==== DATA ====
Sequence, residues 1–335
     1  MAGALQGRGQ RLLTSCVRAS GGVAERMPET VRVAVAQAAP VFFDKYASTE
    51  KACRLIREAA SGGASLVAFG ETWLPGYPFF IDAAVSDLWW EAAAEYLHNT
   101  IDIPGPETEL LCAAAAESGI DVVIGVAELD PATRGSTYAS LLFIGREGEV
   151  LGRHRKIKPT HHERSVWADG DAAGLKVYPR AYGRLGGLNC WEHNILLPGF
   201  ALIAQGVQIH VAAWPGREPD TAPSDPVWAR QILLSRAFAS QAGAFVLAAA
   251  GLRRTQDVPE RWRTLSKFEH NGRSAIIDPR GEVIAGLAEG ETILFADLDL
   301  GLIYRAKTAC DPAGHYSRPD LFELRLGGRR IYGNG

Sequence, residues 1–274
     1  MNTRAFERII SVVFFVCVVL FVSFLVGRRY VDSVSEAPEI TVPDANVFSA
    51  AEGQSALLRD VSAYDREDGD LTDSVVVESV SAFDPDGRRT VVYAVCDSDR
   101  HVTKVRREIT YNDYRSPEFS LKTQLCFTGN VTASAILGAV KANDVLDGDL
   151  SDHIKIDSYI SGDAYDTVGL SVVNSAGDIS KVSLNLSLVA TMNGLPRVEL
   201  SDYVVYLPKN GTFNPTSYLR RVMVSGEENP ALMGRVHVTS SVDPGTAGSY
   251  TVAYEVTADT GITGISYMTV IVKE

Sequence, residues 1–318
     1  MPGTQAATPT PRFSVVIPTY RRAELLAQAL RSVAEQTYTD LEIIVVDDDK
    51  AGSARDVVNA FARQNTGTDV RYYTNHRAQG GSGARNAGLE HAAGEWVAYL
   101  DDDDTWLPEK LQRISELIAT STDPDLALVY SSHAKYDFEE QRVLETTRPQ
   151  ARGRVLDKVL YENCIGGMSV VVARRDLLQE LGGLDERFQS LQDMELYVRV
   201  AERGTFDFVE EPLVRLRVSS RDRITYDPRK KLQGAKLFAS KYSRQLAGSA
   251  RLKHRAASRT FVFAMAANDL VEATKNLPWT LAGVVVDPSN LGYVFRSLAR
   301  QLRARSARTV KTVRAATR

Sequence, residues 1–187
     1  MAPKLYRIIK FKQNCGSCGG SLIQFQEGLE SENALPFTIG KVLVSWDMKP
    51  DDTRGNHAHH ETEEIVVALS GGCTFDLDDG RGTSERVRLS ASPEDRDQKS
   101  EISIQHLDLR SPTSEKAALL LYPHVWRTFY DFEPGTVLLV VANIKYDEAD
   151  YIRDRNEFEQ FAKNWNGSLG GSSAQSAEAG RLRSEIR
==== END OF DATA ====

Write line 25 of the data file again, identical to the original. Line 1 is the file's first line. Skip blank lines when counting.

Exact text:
     1  MAPKLYRIIK FKQNCGSCGG SLIQFQEGLE SENALPFTIG KVLVSWDMKP